Palo Alto Unified School District (PAUSD) board members discussed a proposal to align district graduation requirement with state college entry requirements at its Tuesday night meeting. The Board expressed universal support for the plan, on which it will vote in two weeks.
Under the current proposal, which was first brought before the Board nearly a year ago in May 2011, members of the high school class of 2016 will have to meet revised graduation requirements, such as taking 20 units of a world language, an additional 10 units of math and 20 units of lab science instead of general science.
According to Board minutes, the original goals of this plan were to have at least 85 percent of PAUSD high school graduates complete an A-G curriculum — the entry requirements for the University of California (UC) and California State University (CSU) systems — and to increase the number of underrepresented minority students who meet these requirements by 50 percent or more.
In January 2012, PAUSD Superintendent Kevin Skelly suggested a change to the proposal, which would give students the choice to create “alternative graduation requirements” with the help of parents and school officials. This option, intended for students who cannot or prefer not to meet the A-G requirements, is included in the current plan.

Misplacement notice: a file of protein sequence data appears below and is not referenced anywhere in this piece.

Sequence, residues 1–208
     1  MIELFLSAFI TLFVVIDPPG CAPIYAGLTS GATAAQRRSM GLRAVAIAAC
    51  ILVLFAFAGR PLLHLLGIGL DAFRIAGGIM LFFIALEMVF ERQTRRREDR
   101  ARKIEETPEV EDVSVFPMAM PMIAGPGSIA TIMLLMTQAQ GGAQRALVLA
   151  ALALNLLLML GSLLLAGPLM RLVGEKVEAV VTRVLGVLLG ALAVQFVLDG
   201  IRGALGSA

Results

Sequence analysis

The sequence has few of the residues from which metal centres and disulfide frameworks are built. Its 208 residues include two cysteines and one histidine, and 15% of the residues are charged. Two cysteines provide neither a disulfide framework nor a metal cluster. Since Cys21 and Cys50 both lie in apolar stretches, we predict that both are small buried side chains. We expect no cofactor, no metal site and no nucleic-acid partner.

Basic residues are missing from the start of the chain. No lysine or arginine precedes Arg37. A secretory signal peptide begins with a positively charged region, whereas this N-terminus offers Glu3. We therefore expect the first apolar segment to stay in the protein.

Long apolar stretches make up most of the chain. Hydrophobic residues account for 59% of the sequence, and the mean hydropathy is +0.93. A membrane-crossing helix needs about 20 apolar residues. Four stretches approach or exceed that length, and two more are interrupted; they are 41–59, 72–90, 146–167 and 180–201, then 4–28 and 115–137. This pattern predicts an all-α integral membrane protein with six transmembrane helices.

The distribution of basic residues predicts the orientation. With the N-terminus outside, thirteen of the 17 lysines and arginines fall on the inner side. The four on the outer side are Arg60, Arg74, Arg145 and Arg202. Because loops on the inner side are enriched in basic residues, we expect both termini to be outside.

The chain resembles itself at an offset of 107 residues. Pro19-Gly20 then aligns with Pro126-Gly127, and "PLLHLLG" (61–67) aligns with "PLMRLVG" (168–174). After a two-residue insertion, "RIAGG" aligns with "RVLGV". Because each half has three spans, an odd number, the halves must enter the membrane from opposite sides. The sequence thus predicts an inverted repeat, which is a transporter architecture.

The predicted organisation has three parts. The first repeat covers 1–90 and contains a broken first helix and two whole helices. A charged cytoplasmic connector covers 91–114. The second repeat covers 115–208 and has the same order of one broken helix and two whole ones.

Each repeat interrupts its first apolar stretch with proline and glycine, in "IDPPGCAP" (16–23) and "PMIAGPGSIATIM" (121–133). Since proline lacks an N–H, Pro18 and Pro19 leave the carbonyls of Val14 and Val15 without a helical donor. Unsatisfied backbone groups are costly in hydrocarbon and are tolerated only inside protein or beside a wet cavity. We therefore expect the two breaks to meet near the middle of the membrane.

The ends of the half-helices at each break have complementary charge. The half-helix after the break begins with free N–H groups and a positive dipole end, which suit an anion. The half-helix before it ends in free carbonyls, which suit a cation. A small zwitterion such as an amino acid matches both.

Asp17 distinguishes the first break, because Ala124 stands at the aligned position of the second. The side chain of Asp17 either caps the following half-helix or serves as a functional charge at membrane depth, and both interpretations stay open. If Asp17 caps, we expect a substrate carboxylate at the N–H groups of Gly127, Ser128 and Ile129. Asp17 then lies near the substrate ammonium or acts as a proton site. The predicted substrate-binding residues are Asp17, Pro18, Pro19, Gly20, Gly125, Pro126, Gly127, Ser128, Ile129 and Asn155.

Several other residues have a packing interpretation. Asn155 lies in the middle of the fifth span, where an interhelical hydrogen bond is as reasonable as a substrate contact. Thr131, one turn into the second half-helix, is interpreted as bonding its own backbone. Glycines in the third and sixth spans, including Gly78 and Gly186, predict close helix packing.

At Tuesday’s meeting, Skelly read a letter of support for the proposal from a former student, according to a Palo Alto Online article.
“I did not choose wisely as my parents were not involved back then,” the letter read. “If I had been forced to fulfill the language requirements back then it would have helped me in college and in life.”
In an interview with The Daily in January, Skelly argued that many students in high school do not realize this and often “take the path of least resistance” if not pushed by the District.
All five board members publicly supported the proposal at the meeting. The final vote will take place on May 22.
– Kurt Chirbas